Table 10. The master profile file with some data.
Table 10. The master profile file with some data.
SrDegree 1Degree 1 SpecializationsCampusKey Skills
1001B EMechanical,MITCOECATIA
1002B EMechanical,MITCOECATIA
10,999B EElectronics Telecommunication EngineeringMITAOE“AmazonWebServiCes, C CPP, Arduino, MongoDB, Linux, Golang, Microcontrollers, Gobot, InternetofThings, MATLAB, SQL, PHP”
11,000B EElectronics Telecommunication EngineeringMITAOE“AmazonWebServiCes, C CPP, Arduino, MongoDB, Linux, Golang, Microcontrollers, Gobot, InternetofThings, MATLAB, SQL, PHP”
Table 11. MAE and RMSE comparison of the autoencoder, KNN, SVD, SVD++ and NMF models.
Table 11. MAE and RMSE comparison of the autoencoder, KNN, SVD, SVD++ and NMF models.
Proposed model (autoencoder)0.60420.8756
Table 12. The top three courses recommended with our model for some random users.
Table 12. The top three courses recommended with our model for some random users.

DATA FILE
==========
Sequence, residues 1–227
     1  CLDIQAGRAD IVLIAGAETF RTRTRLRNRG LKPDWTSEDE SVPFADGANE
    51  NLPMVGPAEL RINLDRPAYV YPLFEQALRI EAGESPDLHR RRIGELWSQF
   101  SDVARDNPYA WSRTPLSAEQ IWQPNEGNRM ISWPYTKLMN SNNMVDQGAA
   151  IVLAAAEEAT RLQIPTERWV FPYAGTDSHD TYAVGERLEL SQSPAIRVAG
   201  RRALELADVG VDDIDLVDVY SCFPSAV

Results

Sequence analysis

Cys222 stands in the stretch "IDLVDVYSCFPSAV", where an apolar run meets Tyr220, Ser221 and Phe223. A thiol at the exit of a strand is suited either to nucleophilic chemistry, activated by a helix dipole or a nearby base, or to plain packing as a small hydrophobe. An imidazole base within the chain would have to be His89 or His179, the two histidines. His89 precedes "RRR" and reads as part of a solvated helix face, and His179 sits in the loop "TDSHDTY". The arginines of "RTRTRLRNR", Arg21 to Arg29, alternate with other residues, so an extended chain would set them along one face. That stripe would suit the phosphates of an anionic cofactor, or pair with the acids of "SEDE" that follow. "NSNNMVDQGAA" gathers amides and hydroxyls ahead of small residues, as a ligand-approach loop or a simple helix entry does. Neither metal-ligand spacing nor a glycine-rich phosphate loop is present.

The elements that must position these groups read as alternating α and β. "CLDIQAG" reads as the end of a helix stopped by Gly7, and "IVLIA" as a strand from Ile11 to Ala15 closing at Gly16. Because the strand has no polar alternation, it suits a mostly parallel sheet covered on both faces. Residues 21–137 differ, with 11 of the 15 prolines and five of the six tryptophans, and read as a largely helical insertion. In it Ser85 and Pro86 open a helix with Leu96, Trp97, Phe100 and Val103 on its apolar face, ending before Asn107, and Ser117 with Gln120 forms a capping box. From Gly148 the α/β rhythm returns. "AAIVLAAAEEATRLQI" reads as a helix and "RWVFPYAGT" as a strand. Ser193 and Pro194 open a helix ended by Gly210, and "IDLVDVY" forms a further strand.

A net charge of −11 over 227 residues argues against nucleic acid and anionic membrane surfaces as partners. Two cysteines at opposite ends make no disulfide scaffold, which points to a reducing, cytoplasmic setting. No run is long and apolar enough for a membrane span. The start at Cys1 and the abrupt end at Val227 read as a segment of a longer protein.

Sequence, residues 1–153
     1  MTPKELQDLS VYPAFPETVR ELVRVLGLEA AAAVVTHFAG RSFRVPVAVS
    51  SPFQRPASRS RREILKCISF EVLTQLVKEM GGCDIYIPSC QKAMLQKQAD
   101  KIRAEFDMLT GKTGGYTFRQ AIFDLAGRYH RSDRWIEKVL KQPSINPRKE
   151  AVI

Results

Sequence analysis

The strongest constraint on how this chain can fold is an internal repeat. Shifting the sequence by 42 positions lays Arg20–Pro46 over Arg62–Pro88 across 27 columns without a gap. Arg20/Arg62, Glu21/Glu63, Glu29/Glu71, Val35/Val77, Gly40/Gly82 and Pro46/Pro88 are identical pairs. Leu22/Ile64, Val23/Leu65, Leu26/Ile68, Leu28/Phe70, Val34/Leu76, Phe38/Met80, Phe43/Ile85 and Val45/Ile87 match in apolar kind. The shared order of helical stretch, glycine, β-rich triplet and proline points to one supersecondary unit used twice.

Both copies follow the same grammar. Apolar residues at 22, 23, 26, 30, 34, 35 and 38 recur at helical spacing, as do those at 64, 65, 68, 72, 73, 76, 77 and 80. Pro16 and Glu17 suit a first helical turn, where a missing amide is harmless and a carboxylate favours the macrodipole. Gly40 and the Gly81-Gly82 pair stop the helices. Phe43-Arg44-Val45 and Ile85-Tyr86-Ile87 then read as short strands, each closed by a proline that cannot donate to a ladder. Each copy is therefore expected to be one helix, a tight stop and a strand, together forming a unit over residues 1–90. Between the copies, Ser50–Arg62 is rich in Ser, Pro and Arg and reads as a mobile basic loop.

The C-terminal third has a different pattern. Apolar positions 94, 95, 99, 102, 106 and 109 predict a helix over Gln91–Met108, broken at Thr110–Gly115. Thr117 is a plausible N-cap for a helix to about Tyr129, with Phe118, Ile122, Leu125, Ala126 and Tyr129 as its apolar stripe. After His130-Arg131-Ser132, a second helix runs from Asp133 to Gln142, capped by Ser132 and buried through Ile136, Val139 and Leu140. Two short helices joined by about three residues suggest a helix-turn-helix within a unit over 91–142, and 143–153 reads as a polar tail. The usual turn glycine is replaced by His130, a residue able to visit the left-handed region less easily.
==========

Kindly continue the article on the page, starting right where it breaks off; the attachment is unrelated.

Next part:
2012[1003, 1006, 1004]
2027[1016, 1015, 1001]
2141[1004, 1003, 1005]
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El Youbi El Idrissi, L.; Akharraz, I.; Ahaitouf, A. Personalized E-Learning Recommender System Based on Autoencoders. Appl. Syst. Innov. 2023, 6, 102.

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El Youbi El Idrissi L, Akharraz I, Ahaitouf A. Personalized E-Learning Recommender System Based on Autoencoders. Applied System Innovation. 2023; 6(6):102.

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El Youbi El Idrissi, Lamyae, Ismail Akharraz, and Abdelaziz Ahaitouf. 2023. "Personalized E-Learning Recommender System Based on Autoencoders" Applied System Innovation 6, no. 6: 102.